I am grateful to Susan Holmes of the Woodlanders Project who has provided this article.

Lace terms and definitions

Pillow lace (also known as bobbin lace) – a lace textile made by braiding and twisting lengths of thread wound on bobbins to manage them. It is held in place with pins set in a lace pillow, the placement of the pins usually determined by a pattern or pricking pinned on the pillow. Sometimes it is called bone lace, because early bobbins were made of bone or ivory.

Yak lace – coarse bobbin lace typically made from wool, which was cheaper and faster to make, often used on mourning garments.

Lace card-maker, lace pattern-maker – the dealers supplied the lacemakers with patterns to follow for the latest fashions. These were marked out on cards by pattern makers.

Lace man – a male dealer in lace, who sold or supplied raw materials to home-based workers, then sold the lace goods they made.

Lace dealing in the Wycombe area

Lace was made by predominantly female lacemakers in the Chilterns villages and sold to lace-dealers who then sold it on to wholesalers and distributors, often in London, or in their own shops. The lace-dealers supplied the lacemakers with the materials and patterns to make the lace and bought their products. They either dealt with the lacemakers directly, travelling around to visit them, or through the local grocers/drapers in the villages, to which lacemaking schools were sometimes attached.

Truck system

Lacemakers were often paid via the truck system. This was an arrangement under which wages were paid, partly or fully, in the form of payment in kind; such as credit with specified shops, which might sell at inflated prices. The payment might also have been with a money substitute, such as chits, vouchers or tokens, which were only redeemable at specified shops.

This set of practices, which were used to exploit workers such as the lacemakers, were outlawed by several acts of parliament, the most important of which was the Truck Act in 1887.

Connections with grocers

The truck system was probably responsible for the fact that there were many family and business connections between individuals in the lace trade and grocers/drapers. Lacemakers living in outlying areas would have had to travel to a grocery shop, perhaps once a week, so the transactions would all be done on the same trip. Also, these shops may have sold items like thread anyway, so it would be a natural extension to the trade in the lace.

Daniel Hearn and Joseph Veary

In the 1830s, Daniel Hearn (1788–1851) built up the local lacemaking business in High Wycombe. From at least 1823 he ran a large drapery and grocery shop in Easton Street, High Wycombe, in partnership with Joseph Veary, who came from an established family of grocers and tallow-chandlers. By the early 1830s they were already selling lace, including into London with a partner William Kendle of 9 Cheapside. They advertised in local newspapers, a wide variety of goods:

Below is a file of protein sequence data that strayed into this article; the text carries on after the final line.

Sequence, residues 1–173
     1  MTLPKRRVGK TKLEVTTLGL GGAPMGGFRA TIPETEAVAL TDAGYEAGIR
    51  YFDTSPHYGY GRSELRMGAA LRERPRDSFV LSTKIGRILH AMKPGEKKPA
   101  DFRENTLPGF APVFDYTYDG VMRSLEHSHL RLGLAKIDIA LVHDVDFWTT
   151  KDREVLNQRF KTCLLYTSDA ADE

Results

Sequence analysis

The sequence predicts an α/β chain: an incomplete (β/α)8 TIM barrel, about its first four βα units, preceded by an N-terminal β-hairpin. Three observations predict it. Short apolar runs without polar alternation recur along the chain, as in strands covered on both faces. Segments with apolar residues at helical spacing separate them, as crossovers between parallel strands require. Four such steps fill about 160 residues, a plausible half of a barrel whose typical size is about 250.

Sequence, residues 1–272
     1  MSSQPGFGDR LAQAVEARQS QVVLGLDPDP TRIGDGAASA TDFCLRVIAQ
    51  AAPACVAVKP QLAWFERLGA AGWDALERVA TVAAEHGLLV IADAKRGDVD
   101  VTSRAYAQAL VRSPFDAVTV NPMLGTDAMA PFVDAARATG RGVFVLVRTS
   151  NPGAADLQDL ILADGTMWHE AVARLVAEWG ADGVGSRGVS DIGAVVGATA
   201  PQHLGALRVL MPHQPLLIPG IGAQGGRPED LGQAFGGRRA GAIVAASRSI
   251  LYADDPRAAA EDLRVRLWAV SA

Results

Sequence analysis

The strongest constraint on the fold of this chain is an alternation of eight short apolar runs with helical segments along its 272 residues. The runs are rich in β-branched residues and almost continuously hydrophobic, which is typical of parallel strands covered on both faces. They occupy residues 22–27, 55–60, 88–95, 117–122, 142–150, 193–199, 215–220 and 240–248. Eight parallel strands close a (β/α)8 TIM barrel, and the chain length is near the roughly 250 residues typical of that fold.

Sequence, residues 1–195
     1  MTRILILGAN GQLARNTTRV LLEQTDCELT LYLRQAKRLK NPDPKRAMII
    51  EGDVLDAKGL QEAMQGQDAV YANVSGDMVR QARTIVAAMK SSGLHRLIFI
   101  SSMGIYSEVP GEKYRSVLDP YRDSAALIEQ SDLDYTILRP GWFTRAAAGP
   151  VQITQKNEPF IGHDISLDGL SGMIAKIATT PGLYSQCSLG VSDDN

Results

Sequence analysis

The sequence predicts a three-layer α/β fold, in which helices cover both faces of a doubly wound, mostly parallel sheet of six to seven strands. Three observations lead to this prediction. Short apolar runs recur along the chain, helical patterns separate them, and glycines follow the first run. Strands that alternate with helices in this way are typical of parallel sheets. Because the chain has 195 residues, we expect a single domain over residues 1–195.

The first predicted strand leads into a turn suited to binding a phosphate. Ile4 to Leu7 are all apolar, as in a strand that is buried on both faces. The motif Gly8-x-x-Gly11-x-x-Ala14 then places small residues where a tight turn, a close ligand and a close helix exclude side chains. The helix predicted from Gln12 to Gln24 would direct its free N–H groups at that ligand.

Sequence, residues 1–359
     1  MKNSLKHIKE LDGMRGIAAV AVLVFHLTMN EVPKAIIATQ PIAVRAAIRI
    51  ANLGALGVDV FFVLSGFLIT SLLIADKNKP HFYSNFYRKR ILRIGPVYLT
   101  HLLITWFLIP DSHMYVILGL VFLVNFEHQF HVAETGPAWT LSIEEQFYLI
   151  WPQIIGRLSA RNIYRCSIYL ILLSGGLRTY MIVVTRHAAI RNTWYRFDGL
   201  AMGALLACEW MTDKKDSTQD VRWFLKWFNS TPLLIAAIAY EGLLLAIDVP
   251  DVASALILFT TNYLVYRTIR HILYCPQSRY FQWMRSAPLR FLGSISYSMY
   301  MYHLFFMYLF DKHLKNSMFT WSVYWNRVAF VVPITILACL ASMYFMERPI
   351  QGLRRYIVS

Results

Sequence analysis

“A splendid collection of India, Norwich and Edinburgh Shawls, of new and novel designs; a large assortment of Gros de Naples, in every colour; a curious and rich assortment of gauze and other ribbons, French blond laces, black lace veils, leisse gauzes of various colours; also a large assortment of muffs, boas, mantrillos, tippets; silk cloaks of the newest patterns; French and English merinos, Pelisse cloths; Welch and Lancashire flannels, blankets, counterpanes, quilts, carpeting, rugs etc.

Broad silks, Silk Norwich, Scotch and Thibit shawls, French and English blands, gauze, lutestring and other ribbons; plain and printed ginghams; French cambrics; plain muslins of every description; silk and fancy cotton hose; India bandanas; French and English gauze and crape shawls; handkerchiefs, scarfs, bobbin and quilling nets.”

As a result of this Daniel Hearn became a wealthy man and in the early 1840s was able to build Buckingham House at No. 36 High Street, High Wycombe, now the site of the premises of W H Smith. This replaced the Catherine Wheel, a timber-built structure which was destroyed by fire. A grocer’s shop was incorporated in Buckingham House and it was said that the lace-workers referred to it a “Bobbin Castle”!

Hearn died in 1851 and in his will left generous bequests to his staff, including £20 and his organ to one of his assistants Thomas Gilbert. His story will be told in the next part of this article.

‘The research for this article was undertaken by Susan Holmes for The Woodlanders’ Lives and Landscapes project, a partnership between Bucks New University and the Chilterns Conservation Board. The project is part of the Chalk, Cherries and Chairs Landscape Partnership running in the Central Chilterns, funded by the National Heritage Lottery Fund https://www.chilternsaonb.org/woodlanders-lives.html’

The full Woodlanders article can be seen at https://www.chilternsaonb.org/news/458/19/The-story-of-Thomas-Gilbert-Lace-Dealer-of-Wycombe.html or on Facebook at https://www.facebook.com/woodlanderslives/posts/398575094842692

If any reader has information about, or ancestors who were involved in, the local lacemaking trade, Susan would be very pleased to hear from you, email her at susan.x.holmes@gmail.com